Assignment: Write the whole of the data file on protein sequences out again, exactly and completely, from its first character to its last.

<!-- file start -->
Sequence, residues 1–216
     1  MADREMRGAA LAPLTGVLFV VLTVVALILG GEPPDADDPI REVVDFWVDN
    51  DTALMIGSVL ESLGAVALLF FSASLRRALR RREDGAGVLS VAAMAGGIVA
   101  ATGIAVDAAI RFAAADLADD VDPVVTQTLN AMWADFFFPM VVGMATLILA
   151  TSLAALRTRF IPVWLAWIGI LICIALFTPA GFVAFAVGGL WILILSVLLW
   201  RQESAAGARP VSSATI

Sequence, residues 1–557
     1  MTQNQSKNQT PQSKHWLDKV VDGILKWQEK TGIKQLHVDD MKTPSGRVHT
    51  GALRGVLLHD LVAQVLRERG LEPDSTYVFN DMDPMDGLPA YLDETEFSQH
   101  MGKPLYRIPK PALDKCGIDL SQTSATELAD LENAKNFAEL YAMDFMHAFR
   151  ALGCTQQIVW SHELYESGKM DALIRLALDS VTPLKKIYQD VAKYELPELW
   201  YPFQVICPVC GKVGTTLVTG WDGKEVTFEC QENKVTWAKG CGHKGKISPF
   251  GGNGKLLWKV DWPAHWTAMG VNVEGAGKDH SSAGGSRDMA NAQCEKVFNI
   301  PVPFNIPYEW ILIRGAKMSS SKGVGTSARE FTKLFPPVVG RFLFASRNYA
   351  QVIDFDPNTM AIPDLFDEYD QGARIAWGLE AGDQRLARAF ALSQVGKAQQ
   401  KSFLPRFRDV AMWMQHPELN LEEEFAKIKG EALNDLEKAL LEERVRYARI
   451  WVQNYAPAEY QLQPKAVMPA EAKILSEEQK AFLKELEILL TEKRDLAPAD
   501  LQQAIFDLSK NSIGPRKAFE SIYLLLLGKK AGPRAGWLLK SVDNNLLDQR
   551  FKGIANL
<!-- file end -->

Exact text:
Sequence, residues 1–216
     1  MADREMRGAA LAPLTGVLFV VLTVVALILG GEPPDADDPI REVVDFWVDN
    51  DTALMIGSVL ESLGAVALLF FSASLRRALR RREDGAGVLS VAAMAGGIVA
   101  ATGIAVDAAI RFAAADLADD VDPVVTQTLN AMWADFFFPM VVGMATLILA
   151  TSLAALRTRF IPVWLAWIGI LICIALFTPA GFVAFAVGGL WILILSVLLW
   201  RQESAAGARP VSSATI

Sequence, residues 1–557
     1  MTQNQSKNQT PQSKHWLDKV VDGILKWQEK TGIKQLHVDD MKTPSGRVHT
    51  GALRGVLLHD LVAQVLRERG LEPDSTYVFN DMDPMDGLPA YLDETEFSQH
   101  MGKPLYRIPK PALDKCGIDL SQTSATELAD LENAKNFAEL YAMDFMHAFR
   151  ALGCTQQIVW SHELYESGKM DALIRLALDS VTPLKKIYQD VAKYELPELW
   201  YPFQVICPVC GKVGTTLVTG WDGKEVTFEC QENKVTWAKG CGHKGKISPF
   251  GGNGKLLWKV DWPAHWTAMG VNVEGAGKDH SSAGGSRDMA NAQCEKVFNI
   301  PVPFNIPYEW ILIRGAKMSS SKGVGTSARE FTKLFPPVVG RFLFASRNYA
   351  QVIDFDPNTM AIPDLFDEYD QGARIAWGLE AGDQRLARAF ALSQVGKAQQ
   401  KSFLPRFRDV AMWMQHPELN LEEEFAKIKG EALNDLEKAL LEERVRYARI
   451  WVQNYAPAEY QLQPKAVMPA EAKILSEEQK AFLKELEILL TEKRDLAPAD
   501  LQQAIFDLSK NSIGPRKAFE SIYLLLLGKK AGPRAGWLLK SVDNNLLDQR
   551  FKGIANL